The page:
Ancient Monuments

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Laigh Mains, castle earthworks 125m North of Mains Castle

A Scheduled Monument in East Kilbride West, South Lanarkshire

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Latitude: 55.7793 / 55°46'45"N

Longitude: -4.1893 / 4°11'21"W

OS Eastings: 262784

OS Northings: 656162

OS Grid: NS627561

Mapcode National: GBR 3V.8W79

Mapcode Global: WH4QM.MZ8Y

Entry Name: Laigh Mains, castle earthworks 125m North of Mains Castle

Scheduled Date: 30 October 1970

Last Amended: 10 May 2016

Source: Historic Environment Scotland

Source ID: SM2994

Schedule Class: Cultural

Category: Secular: motte

Location: East Kilbride

County: South Lanarkshire

Electoral Ward: East Kilbride West

Traditional County: Lanarkshire


The monument comprises the earthwork remains of a castle site likely to date to the 12th century AD. It is visible as an uneven mound surrounded by an intermittent double bank and ditch on its north, west and east sides. The monument is located on a gentle south-facing slope at around 180m above sea level and overlooks Mains Castle 125m to the south.

The approximate triangular form of the monument extends 90m north to south by 100m east to west. The interior platform is 65m north to south by 45m east to west. A break in the surrounding banks and built up ground in the ditches of the northeast corner indicate the likely position of the entrance. Archaeological surveys have indicated potential structures within the interior.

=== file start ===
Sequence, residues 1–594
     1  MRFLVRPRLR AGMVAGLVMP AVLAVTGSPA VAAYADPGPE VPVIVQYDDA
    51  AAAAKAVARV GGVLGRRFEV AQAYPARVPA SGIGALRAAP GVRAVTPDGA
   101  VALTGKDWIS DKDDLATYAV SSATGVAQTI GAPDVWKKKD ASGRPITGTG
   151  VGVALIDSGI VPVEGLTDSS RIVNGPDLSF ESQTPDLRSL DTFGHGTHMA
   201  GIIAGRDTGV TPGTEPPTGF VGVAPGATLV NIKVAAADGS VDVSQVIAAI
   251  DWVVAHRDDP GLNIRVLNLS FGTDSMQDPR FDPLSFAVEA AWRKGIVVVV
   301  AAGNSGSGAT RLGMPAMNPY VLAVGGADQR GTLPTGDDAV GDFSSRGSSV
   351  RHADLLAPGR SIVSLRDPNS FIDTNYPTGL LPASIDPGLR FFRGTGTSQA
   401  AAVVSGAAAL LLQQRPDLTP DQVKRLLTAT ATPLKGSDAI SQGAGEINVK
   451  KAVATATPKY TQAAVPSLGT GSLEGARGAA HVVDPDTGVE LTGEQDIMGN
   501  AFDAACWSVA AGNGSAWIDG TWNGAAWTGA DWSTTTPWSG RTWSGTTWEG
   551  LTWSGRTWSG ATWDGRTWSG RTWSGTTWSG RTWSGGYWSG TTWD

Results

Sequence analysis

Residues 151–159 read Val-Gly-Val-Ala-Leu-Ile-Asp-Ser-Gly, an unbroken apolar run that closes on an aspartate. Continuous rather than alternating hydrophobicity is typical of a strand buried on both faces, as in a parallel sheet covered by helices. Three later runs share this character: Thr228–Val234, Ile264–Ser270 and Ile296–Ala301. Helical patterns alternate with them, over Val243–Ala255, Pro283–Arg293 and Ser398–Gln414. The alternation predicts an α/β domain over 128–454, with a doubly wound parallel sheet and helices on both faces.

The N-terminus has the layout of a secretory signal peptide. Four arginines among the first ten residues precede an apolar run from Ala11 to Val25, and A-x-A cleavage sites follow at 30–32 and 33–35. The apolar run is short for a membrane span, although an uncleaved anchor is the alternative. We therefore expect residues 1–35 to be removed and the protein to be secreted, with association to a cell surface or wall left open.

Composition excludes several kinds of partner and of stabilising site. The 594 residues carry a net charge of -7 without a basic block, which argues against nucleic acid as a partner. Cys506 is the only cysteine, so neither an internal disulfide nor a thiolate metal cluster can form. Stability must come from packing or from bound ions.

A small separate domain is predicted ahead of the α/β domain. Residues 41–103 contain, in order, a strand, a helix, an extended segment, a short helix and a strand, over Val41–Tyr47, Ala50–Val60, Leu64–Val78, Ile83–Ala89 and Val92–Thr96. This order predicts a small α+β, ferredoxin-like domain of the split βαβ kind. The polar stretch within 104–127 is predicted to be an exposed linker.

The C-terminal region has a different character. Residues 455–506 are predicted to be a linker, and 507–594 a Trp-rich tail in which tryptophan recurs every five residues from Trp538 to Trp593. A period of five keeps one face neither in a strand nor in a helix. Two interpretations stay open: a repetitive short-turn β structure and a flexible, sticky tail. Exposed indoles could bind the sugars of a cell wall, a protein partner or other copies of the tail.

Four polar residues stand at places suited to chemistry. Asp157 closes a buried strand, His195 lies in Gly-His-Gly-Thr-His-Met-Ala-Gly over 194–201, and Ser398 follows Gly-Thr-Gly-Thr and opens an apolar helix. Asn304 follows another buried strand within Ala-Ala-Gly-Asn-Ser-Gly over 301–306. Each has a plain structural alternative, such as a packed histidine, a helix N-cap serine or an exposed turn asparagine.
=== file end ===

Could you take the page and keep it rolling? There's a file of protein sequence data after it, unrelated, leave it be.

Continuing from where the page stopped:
The area to be scheduled is polygonal on plan, to include the remains described above and an area around them within which evidence relating to the monument's construction, use and abandonment are expected to survive, as shown in red on the accompanying map. The scheduling specifically excludes the above-ground elements of transmission poles, post and wire fencing, gates and the modern surfaces of tracks, to allow for their maintenance. The monument was first scheduled in 1973, but the documentation did not meet current standards: the present rescheduling rectifies this.

Source: Historic Environment Scotland

Statement of Scheduling

The monument is of national importance because it has an inherent potential to make a significant addition to the understanding of the past, in particular the construction and function of medieval castles. It retains its field characteristics as a well-preserved example of an early castle site. Its twin ditch and bank arrangement and overall, triangular plan form is unusual, potentially indicating a pre-12th century origin, which  adds to its significance. The associated documentary evidence also adds to our understanding of the monument, particularly how it and similar sites would have functioned as centres of lordship. This example can inform us about medieval settlement and the wider control of land in the southwest during the feudalisation of Scotland. The loss of this example would significantly diminish our future ability to appreciate and understand settlement and land tenure in medieval Scotland.

Source: Historic Environment Scotland



Additional information:

Historic Environment Scotland reference number CANMORE ID 44915 (accessed 30/03/2016).


West of Scotland Archaeology Service. Unique historic environment record reference number: WOSAS PIN 9267.

Barrow, G W S, 1971, Regesta Regum Scottorum, ii, The acts of William I, King of Scots 1165-1214. Edinburgh

Brown, G and Coleman, R, 2001, Gazetteer of moated sites in Strathclyde. Circulated Typescript report. SUAT Ltd.

McNeil, P G B & MacQueen H L, 1996, Atlas of Scottish History to 1707. Edinburgh: The Scottish Medievalists and the Department of Geography, University of Edinburgh.

Mitchell, M, 2006, Laigh Mains Motte. Geophysical and topographical survey report. Circulated typescript report. Glasgow University.


HER/SMR Reference

Source: Historic Environment Scotland

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